MESA COUNTY, Colo. (CBS4)– When passwords were accessed and recently posted online on a website known for conspiracy theories, it set off alarm bells in the Colorado Secretary of State’s Office. It was determined to come from a private voting machine session called a “trusted build,” said Jena Griswold. (credit: CBS) “It appears that a week before the trusted build, the Mesa County Clerk and Recorder’s Office directed Mesa County staff to turn off the video surveillance of their voting equipment.” READ MORE: Colorado Could Soon Pay Students To Get Tested For COVID She added the clerk’s office allowed an unauthorized person into the machine update session. The sensitive information that can access the machines turned up on the website Gateway Pundit, according to the Secretary of State’s Office. “Today I have issued an election order to prohibit the use of these voting systems in Mesa County. This means that the voting equipment in Mesa County can no longer be used.” (credit: CBS) Matt Crane is the head of the Colorado clerk’s association, he said at a news conference, “It...
    DENVER (AP) — What began as an investigation into how election equipment passwords from a rural Colorado county got posted on a right wing blog has turned into a feud between the state’s Democratic secretary of state and the county’s conservative clerk. The elections chief for the northwestern county that includes the city of Grand Junction, Mesa County Clerk and Recorder Tina Peters, escalated the dispute this week with an appearance at an event hosted by one the biggest backers of baseless election fraud conspiracies promoted by Trump supporters, My Pillow company CEO Mike Lindell. Peters slammed the investigation of her office, claiming that Griswold is attempting a takeover of Mesa County’s elections in one of Colorado’s last Republican strongholds. Colorado’s Democratic Secretary of State Jenna Griswold then took her turn in the war-of-words Thursday at a news conference, when she said that Mesa County would have to replace its voting equipment and that Peters was responsible for the security breach. Griswold said evidence showed that Peters’ office directed staff to turn off video surveillance of its voting equipment...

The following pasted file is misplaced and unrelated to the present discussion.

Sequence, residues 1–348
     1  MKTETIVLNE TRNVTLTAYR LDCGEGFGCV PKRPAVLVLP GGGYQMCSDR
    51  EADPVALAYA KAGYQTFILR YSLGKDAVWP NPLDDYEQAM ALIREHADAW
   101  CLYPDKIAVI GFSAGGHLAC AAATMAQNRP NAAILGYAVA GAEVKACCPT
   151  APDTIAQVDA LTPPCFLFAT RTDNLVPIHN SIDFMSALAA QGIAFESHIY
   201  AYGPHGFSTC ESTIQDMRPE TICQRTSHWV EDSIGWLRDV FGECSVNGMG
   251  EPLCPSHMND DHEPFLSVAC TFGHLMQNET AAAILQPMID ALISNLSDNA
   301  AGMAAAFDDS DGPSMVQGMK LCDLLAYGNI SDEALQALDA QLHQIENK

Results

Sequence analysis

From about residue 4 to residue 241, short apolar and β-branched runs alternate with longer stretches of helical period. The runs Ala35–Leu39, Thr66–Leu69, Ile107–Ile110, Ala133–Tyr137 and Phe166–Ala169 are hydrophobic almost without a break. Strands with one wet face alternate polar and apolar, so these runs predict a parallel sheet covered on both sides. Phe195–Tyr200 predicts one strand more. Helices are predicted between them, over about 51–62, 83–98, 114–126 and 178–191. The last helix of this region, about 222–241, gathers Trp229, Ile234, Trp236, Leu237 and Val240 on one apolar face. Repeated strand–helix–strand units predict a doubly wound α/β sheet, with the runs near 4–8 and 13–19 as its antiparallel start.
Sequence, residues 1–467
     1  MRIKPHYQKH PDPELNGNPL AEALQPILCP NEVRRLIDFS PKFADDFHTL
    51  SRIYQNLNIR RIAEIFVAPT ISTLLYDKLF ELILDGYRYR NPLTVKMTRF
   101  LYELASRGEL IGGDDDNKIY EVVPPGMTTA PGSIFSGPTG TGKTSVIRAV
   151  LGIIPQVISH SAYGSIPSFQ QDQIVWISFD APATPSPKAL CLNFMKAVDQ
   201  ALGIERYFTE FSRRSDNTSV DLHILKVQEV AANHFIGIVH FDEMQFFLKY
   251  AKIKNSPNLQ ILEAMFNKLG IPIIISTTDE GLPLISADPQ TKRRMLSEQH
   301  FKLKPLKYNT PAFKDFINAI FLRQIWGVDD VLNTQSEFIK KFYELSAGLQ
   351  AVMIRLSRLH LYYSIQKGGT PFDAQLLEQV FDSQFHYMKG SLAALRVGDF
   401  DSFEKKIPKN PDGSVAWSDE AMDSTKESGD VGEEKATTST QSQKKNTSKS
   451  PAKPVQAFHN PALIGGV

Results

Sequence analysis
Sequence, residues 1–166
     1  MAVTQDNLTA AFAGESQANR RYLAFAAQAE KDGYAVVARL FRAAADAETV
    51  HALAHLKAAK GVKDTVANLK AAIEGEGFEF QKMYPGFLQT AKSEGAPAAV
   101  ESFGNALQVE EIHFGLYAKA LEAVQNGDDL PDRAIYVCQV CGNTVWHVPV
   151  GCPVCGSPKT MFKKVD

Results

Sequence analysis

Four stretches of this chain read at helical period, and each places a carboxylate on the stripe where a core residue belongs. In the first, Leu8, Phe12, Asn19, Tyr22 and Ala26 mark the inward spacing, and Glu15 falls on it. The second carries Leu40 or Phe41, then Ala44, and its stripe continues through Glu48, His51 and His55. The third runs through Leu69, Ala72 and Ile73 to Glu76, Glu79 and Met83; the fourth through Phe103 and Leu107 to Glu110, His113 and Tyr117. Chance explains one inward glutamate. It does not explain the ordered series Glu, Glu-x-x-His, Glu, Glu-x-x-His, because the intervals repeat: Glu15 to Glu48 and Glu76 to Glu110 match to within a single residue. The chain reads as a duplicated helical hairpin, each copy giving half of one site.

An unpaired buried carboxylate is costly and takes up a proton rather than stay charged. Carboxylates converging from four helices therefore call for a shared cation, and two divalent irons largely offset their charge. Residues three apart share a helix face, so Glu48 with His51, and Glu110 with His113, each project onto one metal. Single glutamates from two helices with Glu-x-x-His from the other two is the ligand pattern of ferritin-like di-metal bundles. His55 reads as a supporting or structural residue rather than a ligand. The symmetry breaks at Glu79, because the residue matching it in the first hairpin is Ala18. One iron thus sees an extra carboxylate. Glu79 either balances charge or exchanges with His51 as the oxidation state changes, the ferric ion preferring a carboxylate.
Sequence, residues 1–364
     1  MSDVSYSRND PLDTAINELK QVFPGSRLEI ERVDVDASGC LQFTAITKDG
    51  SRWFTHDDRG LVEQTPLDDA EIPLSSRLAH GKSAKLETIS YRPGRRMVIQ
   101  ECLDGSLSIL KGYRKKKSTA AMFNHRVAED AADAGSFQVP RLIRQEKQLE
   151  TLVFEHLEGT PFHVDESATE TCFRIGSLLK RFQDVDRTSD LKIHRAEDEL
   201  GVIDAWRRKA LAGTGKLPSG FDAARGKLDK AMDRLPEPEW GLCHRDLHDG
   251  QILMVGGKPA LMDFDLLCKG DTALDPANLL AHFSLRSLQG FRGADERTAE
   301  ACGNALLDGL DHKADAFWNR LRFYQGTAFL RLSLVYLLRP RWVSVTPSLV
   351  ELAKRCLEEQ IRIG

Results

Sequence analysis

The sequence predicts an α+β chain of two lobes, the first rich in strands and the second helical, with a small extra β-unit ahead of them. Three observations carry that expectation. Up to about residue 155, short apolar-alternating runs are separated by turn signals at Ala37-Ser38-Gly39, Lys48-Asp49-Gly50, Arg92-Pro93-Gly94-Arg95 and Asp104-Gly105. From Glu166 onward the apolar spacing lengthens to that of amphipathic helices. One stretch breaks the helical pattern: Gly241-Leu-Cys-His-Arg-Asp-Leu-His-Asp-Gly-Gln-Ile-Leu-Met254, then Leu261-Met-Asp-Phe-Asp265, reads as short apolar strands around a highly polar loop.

Colorado's top elections official prohibited Mesa County from using 41 pieces of voting equipment in future elections after sensitive password information associated with the machines was published online. Secretary of State Jena Griswold ordered the devices to be taken out of commission on Thursday after a preliminary investigation by her office was unable to verify the security of the voting systems. Griswold, a Democrat, announced her investigation on Monday, ordering Mesa County Clerk Tina Peters to provide surveillance video and other documentation to help investigators determine whether the voting devices' passwords, posted on social media site Telegram on Aug. 2, were exposed due to a breach in security protocol. JUDGE DENIES EFFORTS BY POWELL, LINDELL, AND GIULIANI TO DISMISS DOMINION LAWSUITS The secretary's order said it was "clear" the information was "collected during the limited access trusted build installation of the Democracy Suite version 5.13 in Mesa County on May 25, 2021." Democracy Suite is used in Dominion Voting Systems machines. The order Griswold issued Thursday decommissioning the equipment revealed multiple findings, including that Mesa...